Ever seen this view as you rocket along Lincoln Drive? I'm not talking about Pat Moran, a civic-minded guy from Mount Airy with a keen interest in "at-risk" buildings and structrures in his neighborhood. I'm talking about the stone pier behind him. It was one of four, now one of two, on the drive where it intersects with Johnson Street. Each pair had a wooden pergola on top, very similar to the one at Germantown Avenue and Cresheim Valley Road at the entrance to Chestnut Hill.
The Mount Airy piers and pergolas were underwritten at the turn of the 20th century by philanthropist Edward T. Stotesbury (yes, he of regatta fame), but all but two piers have been lost. For the last three years, Moran and a large group of volunteers have been raising money and giving up untold hours to clear the site of nasty invasives and begin to replant it with natives, using a planting plan devised (pro bono) by landscape architects Claudia Levy and Doris Kessler and an architectural plan to replace the pergolas drawn up by architect Peter DiCarlo.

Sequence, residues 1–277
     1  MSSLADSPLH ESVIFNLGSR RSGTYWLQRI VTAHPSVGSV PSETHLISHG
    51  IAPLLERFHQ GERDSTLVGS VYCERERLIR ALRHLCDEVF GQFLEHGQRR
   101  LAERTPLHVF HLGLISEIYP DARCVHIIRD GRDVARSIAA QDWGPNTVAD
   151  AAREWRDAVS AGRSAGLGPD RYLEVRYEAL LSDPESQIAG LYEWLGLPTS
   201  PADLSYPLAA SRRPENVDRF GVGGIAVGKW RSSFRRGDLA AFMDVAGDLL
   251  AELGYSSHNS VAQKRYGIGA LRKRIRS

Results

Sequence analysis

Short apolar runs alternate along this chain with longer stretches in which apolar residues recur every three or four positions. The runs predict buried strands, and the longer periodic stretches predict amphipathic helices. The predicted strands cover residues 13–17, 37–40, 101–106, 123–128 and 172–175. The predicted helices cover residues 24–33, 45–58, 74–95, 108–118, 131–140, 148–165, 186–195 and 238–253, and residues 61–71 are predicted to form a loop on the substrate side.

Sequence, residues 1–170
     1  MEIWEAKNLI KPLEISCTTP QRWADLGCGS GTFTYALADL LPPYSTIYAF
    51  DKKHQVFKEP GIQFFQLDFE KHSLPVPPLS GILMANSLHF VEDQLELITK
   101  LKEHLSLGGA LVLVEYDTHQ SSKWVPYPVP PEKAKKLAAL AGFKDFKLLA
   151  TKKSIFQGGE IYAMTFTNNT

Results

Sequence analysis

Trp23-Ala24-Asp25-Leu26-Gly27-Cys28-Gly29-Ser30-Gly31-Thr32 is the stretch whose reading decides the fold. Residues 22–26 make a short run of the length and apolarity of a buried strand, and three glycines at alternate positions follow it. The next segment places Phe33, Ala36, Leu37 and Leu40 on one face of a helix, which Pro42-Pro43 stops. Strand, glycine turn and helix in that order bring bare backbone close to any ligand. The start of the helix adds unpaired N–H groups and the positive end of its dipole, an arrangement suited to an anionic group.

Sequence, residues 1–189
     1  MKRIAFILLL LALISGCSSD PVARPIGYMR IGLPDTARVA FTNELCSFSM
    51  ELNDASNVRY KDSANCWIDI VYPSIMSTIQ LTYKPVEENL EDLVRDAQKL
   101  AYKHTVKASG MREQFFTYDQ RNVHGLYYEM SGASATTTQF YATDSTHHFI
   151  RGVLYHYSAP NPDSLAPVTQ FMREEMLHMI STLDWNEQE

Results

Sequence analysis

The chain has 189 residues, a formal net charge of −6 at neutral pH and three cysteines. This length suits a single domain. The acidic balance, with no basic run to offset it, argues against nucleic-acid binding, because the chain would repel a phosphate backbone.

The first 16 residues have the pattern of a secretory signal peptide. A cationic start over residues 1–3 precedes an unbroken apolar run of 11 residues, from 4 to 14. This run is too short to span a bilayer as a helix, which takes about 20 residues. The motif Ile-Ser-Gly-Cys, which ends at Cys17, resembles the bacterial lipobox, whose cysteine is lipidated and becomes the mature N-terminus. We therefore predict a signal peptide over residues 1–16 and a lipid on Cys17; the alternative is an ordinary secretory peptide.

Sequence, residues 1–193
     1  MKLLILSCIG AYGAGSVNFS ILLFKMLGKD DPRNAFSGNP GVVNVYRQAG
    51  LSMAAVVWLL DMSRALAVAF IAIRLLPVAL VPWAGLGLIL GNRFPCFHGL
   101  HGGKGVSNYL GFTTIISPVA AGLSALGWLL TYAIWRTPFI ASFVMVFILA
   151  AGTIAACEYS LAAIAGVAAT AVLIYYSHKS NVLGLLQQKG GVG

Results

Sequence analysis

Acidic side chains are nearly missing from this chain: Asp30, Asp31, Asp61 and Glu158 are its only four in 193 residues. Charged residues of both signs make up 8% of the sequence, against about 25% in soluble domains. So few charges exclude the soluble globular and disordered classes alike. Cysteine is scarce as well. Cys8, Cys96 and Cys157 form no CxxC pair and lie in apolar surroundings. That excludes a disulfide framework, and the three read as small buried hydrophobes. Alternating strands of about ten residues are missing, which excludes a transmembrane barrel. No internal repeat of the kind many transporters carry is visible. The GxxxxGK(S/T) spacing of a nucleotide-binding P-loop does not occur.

This is a joint effort by Historic Germantown and West Mt. Airy Neighbors with support from the City's Recreation Department and the Fairmount Park Conservancy. Pat thinks, if all goes well, the Stotesbury project could wind up this year.
During my visit today, I could see considerable effort's been made here, and this spring should be a pretty one. Lots of hydrangeas and ornamental grasses in evidence. I even saw what I think was a sweetbay magnolia. The idea, Pat says, is to recreate this once-beautiful gateway between Mount Airy and the park. The steps into the park are still there, as is an old schist fountain (now splotched with red graffiti) and some remnants of fencing. Long ago, you see, this was a place were people walked from their gracious homes along Lincoln Drive down into the park. Or they drove by carriage or car.